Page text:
REVIEW: "Rodgers & Hammerstein In Concert"—Rose Center Theater Outdoors

Updated: Oct 17, 2020

Oh, What a Beautiful Show!

It’s a grand night for singing! It’s also a tribute to one of the most revered and prolific song writing teams in Broadway history, as RCT Musical Theater Concert Series presents “Rodgers & Hammerstein in Concert,” paying homage to some of the world's best-loved musicals that have defined musical theater. And who could do it better than the Rose Center Theater Outdoor singers?

Featuring selections from seven of their most iconic shows, including the breezy comedy, "Oklahoma!," "South Pacific," "The King and I," “Flower Drum Song,” “Cinderella,” “Carousel” and "The Sound of Music," Director and Music Director Tim Nelson entertains and enlightens with another masterpiece musical salute, performed by the familiar Rose Center Theater Outdoors resident troupe—luminaries all! Turning the spotlight on some of Southern California’s finest talents in a total cast of 20 (many recurring in their role from a past performance), the concept revue includes solos, duets and ensembles in a healthy mix of by-the-book classics that play beautiful deference to the originals—a truly enchanted evening for audiences of all ages.

Headlining the event are Vincent Aniceto, Tawni Bridenball, Stephanie Bull, Chris Caputo, Melissa Cook, Kristen Daniels, Kristin Henry, Rylie Herbel, Johnny Fletcher, Alexis Karol, Mary Murphy-Nelson, Ryan Salazar, Trevin Stephenson, and the Rose Kids—Olivia Aniceto, Sofia Aniceto, Taven Blanke, Collin Higgins, Zariah Merrill, Adrienne Morrow and Aly West. All are dapper and classy in basic black attire or evening dress, perfect accents to their strong, expressive voices.

Among the 26 tunes that the production touches on are Oklahoma’s “I Can’t Say No” with Stephanie Bull’s waggishly engaging rendition; “Lord & Master” from “The King and I,” performed by rising star ingénue, Olivia Aniceto; and the hilariously campy “Stepsister’s Lament,” once again with the team of Stephanie Bull and Trevin Stephensen, reprising their onstage inventiveness – a memorable favorite.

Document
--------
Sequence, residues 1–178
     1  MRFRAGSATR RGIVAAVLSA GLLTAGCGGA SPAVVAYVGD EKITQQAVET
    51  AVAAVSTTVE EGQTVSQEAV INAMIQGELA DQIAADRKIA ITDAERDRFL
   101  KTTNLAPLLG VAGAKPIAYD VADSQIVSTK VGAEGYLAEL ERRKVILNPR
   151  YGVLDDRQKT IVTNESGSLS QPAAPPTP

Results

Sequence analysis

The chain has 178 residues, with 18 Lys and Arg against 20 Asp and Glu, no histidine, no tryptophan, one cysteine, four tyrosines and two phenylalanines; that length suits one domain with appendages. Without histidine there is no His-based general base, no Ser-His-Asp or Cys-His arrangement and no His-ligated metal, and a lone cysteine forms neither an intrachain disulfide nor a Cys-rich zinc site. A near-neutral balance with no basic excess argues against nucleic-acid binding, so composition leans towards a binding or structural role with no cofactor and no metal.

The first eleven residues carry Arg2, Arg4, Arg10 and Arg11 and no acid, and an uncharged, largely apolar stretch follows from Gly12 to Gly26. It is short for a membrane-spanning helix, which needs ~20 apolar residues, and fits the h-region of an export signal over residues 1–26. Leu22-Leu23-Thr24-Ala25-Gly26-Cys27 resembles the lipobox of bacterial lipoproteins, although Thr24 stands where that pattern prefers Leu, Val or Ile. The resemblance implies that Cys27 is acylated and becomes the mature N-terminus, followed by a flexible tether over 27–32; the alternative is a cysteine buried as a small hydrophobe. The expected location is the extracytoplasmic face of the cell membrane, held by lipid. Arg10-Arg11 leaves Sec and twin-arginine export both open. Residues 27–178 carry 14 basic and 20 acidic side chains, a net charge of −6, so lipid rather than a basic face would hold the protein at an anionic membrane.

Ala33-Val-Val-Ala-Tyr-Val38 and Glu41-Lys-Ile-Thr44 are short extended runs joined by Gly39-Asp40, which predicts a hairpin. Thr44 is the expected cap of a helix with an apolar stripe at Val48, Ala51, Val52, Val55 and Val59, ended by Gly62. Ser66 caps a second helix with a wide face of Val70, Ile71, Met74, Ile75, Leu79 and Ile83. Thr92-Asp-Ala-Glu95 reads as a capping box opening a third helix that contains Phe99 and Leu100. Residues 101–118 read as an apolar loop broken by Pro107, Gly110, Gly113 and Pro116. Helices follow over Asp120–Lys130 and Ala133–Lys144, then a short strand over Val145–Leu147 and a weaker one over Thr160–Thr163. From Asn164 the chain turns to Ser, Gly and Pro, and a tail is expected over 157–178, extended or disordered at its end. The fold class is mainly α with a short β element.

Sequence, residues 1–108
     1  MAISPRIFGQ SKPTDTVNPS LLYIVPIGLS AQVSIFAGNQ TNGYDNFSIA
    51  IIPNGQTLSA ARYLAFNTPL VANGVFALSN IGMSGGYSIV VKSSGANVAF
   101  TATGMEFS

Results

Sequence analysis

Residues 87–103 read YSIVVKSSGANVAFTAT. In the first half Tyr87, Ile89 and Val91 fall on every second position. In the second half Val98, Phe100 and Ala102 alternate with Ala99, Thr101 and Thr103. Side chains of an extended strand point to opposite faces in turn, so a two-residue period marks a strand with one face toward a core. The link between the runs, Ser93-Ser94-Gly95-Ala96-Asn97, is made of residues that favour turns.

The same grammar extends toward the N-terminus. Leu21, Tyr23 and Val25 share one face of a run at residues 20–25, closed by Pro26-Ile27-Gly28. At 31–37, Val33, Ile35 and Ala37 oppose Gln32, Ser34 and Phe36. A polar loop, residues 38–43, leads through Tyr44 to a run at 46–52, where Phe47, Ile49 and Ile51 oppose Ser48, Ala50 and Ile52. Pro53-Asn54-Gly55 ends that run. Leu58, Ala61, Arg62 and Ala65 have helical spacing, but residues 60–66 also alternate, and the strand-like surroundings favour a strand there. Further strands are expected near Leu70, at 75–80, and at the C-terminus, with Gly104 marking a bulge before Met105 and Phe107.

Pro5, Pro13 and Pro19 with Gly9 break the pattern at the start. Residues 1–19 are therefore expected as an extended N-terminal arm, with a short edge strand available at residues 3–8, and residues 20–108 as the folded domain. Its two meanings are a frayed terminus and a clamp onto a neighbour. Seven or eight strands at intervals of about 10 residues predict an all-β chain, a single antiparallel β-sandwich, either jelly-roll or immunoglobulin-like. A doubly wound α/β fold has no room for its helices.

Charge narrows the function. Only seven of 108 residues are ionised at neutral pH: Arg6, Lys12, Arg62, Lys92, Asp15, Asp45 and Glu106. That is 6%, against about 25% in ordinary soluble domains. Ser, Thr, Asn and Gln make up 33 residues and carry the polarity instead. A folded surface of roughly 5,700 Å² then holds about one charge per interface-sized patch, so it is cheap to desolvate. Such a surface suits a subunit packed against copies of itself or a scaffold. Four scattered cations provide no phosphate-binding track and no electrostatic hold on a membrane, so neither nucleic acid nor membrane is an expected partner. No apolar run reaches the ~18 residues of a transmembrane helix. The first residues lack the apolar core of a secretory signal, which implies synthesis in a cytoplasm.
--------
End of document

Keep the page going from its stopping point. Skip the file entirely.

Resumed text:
A love thread naturally runs through many of the songs: Love triangles. Love found. Love lost. Love denied, and the singers play to it to the hilt. Starting with “Oh What a Beautiful Mornin'” and “Surrey with the Fringe on Top,” Johnny Fletcher, Mary Murphy-Nelson and Melissa Cook set a tone of playfulness. Mr. Fletcher, who has performed as Curly in previous “Oklahoma!” productions, has a rich, dynamic quality, hitting notes with exquisite precision. His entrance into the show, along with his charisma and acting chops is a huge standout! And Ms. Cook sets the stage for romance with the prerequisite resistance and flirtatious gestures that keeps it buoyed with good fun.

In contrast, the breathtaking 1945 “Carousel” is Rodgers and Hammerstein’s most majestic and complex musical. Unlike most musicals of the time-period, this unyielding piece was unafraid to tackle the realities of abusive relationships and contains riveting drama, compelling character development, and gorgeous, emotionally-charged music.

R&H created a masterpiece with "Carousel," both its story (adapted from Ferenc Molnar’s “Liliom”) and its score, which brings to light the expression of love and tenderness by the character Carrie with the song, “Mr. Snow,” in a vividly imagined dream of her wedding day (here performed sweetly by the silken-voiced Kristen Daniels), as well as the beguiling and awkwardly reticent, “If I Loved You,” expressed through the stately, transcendent Melissa Cook. But it was the tour-de-force monologue of internal conflict, “Soliloquy,” majestically performed by Chris Caputo, along with the stalwartly hopeful, “You’ll Never Walk Alone,” from the vocally luxuriant Mary Murphy-Nelson, that compelled the audience to slowly swell with emotion.

These indelible selections of Richard Rodgers and Oscar Hammerstein have become standards in American music culture. Their music is in the air every day of our lives, having created some of the most instantly recognizable and most beautiful melodies in the history of the American musical. Such standards as "Manhattan," "With a Song in My Heart," "Isn't It Romantic?," "My Funny Valentine," "Oh, What a Beautiful Mornin'," "You'll Never Walk Alone," "Shall We Dance?," and "The Sound of Music" do not even begin to suggest the number of enduring songs they’ve created, considering their immeasurable contribution to television, radio, records, and film as well.

Rodgers and Hammerstein first came together in 1943 to create one of the most well-known and widely performed musicals of the 20th century—Oklahoma! That collaboration infused Rodgers’ musical comedy with Hammerstein’s operatic background, leading to more than 40 shows and film scores over the “golden age” of musical theatre, captivating audiences worldwide with shows like “Carousel,” “South Pacific,” and